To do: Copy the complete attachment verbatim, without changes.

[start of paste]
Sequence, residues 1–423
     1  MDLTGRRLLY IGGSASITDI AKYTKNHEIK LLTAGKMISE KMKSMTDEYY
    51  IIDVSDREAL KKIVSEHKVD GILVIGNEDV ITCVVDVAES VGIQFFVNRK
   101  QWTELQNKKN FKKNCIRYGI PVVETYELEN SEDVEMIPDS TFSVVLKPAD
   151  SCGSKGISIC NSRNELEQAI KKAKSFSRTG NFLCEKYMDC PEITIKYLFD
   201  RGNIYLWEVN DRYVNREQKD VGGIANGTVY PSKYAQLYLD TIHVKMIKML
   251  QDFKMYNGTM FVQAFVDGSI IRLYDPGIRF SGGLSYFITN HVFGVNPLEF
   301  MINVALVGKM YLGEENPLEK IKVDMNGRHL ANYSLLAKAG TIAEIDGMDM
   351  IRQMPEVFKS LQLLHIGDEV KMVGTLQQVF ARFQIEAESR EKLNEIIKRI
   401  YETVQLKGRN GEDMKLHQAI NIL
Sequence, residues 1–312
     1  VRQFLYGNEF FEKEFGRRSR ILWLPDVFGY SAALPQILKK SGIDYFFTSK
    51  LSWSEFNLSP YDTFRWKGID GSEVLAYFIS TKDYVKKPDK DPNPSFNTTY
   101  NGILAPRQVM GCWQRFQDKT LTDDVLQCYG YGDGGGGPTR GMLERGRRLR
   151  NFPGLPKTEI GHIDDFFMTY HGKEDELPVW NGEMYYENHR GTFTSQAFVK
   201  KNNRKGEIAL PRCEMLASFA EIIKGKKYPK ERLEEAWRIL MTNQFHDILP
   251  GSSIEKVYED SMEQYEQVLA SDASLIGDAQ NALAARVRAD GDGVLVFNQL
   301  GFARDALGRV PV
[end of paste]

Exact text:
Sequence, residues 1–423
     1  MDLTGRRLLY IGGSASITDI AKYTKNHEIK LLTAGKMISE KMKSMTDEYY
    51  IIDVSDREAL KKIVSEHKVD GILVIGNEDV ITCVVDVAES VGIQFFVNRK
   101  QWTELQNKKN FKKNCIRYGI PVVETYELEN SEDVEMIPDS TFSVVLKPAD
   151  SCGSKGISIC NSRNELEQAI KKAKSFSRTG NFLCEKYMDC PEITIKYLFD
   201  RGNIYLWEVN DRYVNREQKD VGGIANGTVY PSKYAQLYLD TIHVKMIKML
   251  QDFKMYNGTM FVQAFVDGSI IRLYDPGIRF SGGLSYFITN HVFGVNPLEF
   301  MINVALVGKM YLGEENPLEK IKVDMNGRHL ANYSLLAKAG TIAEIDGMDM
   351  IRQMPEVFKS LQLLHIGDEV KMVGTLQQVF ARFQIEAESR EKLNEIIKRI
   401  YETVQLKGRN GEDMKLHQAI NIL
Sequence, residues 1–312
     1  VRQFLYGNEF FEKEFGRRSR ILWLPDVFGY SAALPQILKK SGIDYFFTSK
    51  LSWSEFNLSP YDTFRWKGID GSEVLAYFIS TKDYVKKPDK DPNPSFNTTY
   101  NGILAPRQVM GCWQRFQDKT LTDDVLQCYG YGDGGGGPTR GMLERGRRLR
   151  NFPGLPKTEI GHIDDFFMTY HGKEDELPVW NGEMYYENHR GTFTSQAFVK
   201  KNNRKGEIAL PRCEMLASFA EIIKGKKYPK ERLEEAWRIL MTNQFHDILP
   251  GSSIEKVYED SMEQYEQVLA SDASLIGDAQ NALAARVRAD GDGVLVFNQL
   301  GFARDALGRV PV